Questions of performance and meaning are complicated further, of course, by a performing art such as music, indeed perhaps especially so by music, more so than spoken drama, in which we can cling to the fiction — we hardly have an alternative — that our ‘instruments’ remain the same. We do so, to greater or lesser extents, when it comes to voices, but greater controversies issue with respect to other musical instruments. Today, again somewhat puzzlingly, opera appears to have decided upon a mixture of ‘period’ musical practices and more ‘contemporary’, or at least ‘modern’, theatre. This is not really the place to question that; it is a complex question, and much is a matter of business too, as well as allied pragmatics. What we see and hear is generally said to work, and we (nearly) all want something that works rather than something that does not. Such questions and others, related, are nevertheless worth reminding ourselves of, though, at least from time to time; for surely history interests when it renders strange, as well as when it renders familiar, and these things are likely to change according to what is (and is not) more common practice.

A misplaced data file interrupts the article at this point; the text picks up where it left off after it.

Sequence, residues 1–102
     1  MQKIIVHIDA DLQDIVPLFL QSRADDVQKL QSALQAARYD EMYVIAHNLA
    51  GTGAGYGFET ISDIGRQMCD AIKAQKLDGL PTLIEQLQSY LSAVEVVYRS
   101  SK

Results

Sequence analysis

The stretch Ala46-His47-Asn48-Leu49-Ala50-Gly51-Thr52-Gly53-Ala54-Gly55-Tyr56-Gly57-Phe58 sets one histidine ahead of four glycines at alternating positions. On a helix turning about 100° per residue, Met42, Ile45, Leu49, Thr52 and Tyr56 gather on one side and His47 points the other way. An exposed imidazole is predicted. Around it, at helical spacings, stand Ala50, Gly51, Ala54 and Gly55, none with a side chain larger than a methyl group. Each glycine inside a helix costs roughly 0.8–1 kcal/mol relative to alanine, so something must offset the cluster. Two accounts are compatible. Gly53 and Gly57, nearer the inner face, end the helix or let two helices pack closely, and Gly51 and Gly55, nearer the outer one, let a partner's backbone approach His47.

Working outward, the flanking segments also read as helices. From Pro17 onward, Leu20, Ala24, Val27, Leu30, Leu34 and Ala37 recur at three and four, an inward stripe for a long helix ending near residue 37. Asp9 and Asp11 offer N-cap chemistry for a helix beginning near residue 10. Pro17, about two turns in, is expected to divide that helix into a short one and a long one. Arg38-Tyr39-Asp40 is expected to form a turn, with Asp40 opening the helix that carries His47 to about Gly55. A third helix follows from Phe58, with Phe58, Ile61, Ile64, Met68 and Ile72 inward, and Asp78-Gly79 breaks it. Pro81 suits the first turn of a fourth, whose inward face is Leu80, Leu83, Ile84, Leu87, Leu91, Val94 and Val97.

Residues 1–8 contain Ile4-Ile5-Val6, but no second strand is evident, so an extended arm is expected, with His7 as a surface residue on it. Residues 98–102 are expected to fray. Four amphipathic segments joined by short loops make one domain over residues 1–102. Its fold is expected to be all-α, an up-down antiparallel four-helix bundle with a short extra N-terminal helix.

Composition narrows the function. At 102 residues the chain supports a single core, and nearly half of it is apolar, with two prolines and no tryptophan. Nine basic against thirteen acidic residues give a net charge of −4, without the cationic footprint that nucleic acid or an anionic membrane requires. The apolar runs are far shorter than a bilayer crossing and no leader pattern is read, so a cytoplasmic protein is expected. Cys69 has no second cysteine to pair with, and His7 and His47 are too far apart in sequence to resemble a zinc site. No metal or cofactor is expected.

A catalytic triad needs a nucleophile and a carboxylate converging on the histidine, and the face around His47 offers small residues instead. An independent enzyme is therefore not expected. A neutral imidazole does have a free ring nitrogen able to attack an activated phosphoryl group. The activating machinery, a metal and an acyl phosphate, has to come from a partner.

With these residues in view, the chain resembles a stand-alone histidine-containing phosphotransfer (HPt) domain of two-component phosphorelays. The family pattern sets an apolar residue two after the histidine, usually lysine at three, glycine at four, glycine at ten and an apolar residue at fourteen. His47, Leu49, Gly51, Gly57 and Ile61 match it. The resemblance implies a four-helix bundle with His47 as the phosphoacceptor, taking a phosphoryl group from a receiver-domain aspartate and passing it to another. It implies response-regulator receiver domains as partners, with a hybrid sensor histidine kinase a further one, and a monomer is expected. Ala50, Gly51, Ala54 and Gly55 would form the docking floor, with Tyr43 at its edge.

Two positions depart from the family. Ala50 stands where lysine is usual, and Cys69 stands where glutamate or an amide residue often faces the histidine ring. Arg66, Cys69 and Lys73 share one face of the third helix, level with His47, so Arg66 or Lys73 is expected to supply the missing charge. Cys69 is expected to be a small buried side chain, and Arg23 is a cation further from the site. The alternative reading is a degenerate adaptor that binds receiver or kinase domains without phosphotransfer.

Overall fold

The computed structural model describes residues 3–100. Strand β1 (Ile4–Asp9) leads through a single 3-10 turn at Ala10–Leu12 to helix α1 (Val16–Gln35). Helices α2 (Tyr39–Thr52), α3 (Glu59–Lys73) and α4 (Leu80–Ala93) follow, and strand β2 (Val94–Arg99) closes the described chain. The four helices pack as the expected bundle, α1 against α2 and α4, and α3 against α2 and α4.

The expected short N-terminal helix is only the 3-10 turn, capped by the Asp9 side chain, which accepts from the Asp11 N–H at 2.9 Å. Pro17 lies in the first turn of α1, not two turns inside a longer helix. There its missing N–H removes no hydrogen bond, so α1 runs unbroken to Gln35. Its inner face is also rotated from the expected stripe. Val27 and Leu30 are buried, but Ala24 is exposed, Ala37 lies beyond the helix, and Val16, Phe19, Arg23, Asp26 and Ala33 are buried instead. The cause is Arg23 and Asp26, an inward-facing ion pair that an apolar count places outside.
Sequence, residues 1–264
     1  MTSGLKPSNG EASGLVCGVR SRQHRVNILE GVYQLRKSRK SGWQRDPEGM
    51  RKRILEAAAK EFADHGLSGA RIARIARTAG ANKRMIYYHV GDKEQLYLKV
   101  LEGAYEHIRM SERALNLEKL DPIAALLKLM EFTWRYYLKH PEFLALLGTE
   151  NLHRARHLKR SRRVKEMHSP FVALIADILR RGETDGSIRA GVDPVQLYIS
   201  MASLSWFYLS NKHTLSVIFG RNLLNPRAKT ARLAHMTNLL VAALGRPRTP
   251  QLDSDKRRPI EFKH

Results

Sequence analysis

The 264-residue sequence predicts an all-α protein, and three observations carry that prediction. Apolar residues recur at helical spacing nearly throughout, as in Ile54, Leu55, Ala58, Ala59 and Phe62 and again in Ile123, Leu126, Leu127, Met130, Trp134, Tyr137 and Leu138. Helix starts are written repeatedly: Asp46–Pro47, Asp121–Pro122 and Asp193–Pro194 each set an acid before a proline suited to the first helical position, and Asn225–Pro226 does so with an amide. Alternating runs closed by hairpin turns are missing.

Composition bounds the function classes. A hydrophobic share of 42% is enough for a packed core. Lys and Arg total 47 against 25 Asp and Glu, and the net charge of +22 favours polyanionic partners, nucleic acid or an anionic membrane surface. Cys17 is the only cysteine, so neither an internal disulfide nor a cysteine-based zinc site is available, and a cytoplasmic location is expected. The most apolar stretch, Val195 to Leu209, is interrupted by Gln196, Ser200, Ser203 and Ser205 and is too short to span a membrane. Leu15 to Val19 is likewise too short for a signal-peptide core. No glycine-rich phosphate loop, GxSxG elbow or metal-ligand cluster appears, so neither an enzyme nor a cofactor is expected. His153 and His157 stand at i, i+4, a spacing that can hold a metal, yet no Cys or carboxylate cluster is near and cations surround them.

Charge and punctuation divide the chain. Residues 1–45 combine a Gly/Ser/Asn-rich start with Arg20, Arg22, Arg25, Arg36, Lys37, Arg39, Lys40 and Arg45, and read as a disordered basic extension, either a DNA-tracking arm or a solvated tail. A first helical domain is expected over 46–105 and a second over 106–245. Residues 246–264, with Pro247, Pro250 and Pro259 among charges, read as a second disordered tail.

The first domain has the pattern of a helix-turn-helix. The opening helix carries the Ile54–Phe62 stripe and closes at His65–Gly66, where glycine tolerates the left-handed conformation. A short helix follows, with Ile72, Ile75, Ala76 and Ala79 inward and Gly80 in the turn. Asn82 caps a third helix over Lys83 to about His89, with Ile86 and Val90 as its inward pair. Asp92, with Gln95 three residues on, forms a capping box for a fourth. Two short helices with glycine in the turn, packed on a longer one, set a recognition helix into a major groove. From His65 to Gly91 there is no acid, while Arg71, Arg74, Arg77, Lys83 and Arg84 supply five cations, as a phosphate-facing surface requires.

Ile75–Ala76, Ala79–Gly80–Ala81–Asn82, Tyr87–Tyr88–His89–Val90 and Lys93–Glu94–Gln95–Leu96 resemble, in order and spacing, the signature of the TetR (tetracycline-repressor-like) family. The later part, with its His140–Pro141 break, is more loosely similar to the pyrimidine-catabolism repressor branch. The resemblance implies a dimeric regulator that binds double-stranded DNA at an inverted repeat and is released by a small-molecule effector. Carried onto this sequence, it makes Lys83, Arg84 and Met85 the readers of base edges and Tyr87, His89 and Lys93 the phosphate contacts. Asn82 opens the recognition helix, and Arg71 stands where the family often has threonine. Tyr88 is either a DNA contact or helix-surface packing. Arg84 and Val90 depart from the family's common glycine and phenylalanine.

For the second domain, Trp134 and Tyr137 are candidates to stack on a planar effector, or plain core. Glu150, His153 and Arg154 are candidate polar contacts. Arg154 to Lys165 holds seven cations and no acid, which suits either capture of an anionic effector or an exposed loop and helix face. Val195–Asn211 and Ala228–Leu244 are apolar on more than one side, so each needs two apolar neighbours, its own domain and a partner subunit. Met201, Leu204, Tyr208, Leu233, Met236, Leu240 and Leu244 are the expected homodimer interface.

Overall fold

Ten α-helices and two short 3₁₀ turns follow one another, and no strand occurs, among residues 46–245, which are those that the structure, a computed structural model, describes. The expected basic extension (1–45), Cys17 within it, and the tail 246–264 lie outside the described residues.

Katey Rylands (Dido) and Sonny Fielding (Aeneas). (c) Laurent Compagnon 

For Dido, we return to an office. I admit I had not at all gathered Dalton’s concept, prior to reading the programme. Apparently, the action takes place ‘in the halls of a modern political institution, something a little like the UN perhaps, or the EU’, and Dido is a political leader. I am afraid it all looked rather like a provincial sales office to me, perhaps having an ‘away day’. It is probably not worth retelling my misunderstanding beyond that, other than to say that the witches appear to be cleaners, understandably offended by the mess people had made, and that Dido eventually swallows some pills, no pyre in sight. I was clearly not on the right wavelength, yet in retrospect can see a degree of overall framing between the two works, the loneliness of online dating replicated in that of Dido’s suicide and the inability of others to see in time what had happened.